BETHESDA, Md--Physicians have long hypothesized that natural variation in sex hormones may influence prostate cancer risk, said Meir Stampfer, MD, of the Harvard School of Public Health. Efforts to prove this, however, have yielded unclear results. Now, by examining the interrelationship of different sex hormones, Dr. Stampfer and his colleagues have achieved what he calls the first clear demonstration that circulating levels of sex hormones can predict a man's risk of developing prostate cancer.
The finding further suggests the need for studies of how lifestyle practices might change circulating hormone levels, he said at the General Motors Cancer Research Foundation annual conference.
Previous studies failed to demonstrate a convincing link for a variety of reasons, Dr. Stampfer said. Some were simply too small. Often the blood used was collected after diagnosis of prostate cancer, and concern lingered that the cancer therapy or the cancer itself had altered sex hormone levels among the participants in the study.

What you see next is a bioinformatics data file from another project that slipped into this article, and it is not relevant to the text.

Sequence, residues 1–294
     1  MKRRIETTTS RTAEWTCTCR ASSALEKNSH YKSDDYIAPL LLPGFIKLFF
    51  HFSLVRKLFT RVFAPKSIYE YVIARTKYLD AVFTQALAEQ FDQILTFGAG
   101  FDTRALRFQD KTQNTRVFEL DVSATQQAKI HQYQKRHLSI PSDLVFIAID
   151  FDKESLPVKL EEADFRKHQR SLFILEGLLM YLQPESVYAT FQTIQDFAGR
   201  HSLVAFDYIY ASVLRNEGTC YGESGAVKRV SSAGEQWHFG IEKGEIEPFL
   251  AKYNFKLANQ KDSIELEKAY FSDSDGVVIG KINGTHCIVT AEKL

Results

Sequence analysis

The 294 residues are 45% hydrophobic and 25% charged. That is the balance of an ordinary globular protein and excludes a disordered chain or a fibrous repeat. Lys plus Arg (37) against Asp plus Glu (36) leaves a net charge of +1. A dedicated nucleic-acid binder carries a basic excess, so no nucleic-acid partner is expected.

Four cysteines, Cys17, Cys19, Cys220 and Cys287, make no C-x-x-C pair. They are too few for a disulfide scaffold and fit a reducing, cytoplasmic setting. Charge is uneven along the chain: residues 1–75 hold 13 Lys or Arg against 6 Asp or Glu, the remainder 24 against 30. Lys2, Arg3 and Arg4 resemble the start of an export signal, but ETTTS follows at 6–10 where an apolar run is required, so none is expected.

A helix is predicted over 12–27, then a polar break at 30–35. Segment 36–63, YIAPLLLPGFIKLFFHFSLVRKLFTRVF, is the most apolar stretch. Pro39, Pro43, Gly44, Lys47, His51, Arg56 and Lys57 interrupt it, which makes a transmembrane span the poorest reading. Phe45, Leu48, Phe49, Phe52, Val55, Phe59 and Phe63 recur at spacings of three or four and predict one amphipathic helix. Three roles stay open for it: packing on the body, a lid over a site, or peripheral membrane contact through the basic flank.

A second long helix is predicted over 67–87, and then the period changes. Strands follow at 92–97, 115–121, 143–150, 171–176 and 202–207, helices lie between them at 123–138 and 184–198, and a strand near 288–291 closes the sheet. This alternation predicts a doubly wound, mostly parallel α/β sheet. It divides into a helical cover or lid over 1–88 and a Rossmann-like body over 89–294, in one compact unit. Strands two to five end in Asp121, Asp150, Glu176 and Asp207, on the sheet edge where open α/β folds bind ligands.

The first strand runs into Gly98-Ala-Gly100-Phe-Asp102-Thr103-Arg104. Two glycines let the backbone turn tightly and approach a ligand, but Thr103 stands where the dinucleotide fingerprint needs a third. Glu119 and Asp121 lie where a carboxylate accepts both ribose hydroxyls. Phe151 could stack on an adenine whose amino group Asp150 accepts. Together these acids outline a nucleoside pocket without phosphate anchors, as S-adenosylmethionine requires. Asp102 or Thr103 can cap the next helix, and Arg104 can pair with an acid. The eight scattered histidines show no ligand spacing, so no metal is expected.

Dr. Stampfer and his colleagues, who included Peter H. Gann, MD, ScD, turned to the Physicians' Health Study. In 1982, 14,916 of the 22,071 male US physicians in the study, all with no prior cancer, provided samples of their blood, which were frozen and stored. Study participants answered follow-up questionnaires every 6 months. The Harvard team matched 222 physicians who developed prostate cancer in the following decade with 390 healthy, cancer-free participants.
Blood from each man was thawed and measured for testosterone; DHT (dihy-drotestosterone, the active form of testosterone in the prostate); AAG (3-alpha-androstanediol glucuronide, an androgenic metabolite of testosterone); estradiol(Drug information on estradiol); prolactin; and SHBG (sex hormone binding globulin).
"Our thinking was that the androgens--testosterone, DHT, and AAG--would be associated with an increased risk of prostate cancer and that estradiol would be associated with a decreased risk," he said. Since SHBG "binds more to testosterone than to estradiol, we thought that the net effect of SHBG would be to reduce prostate cancer."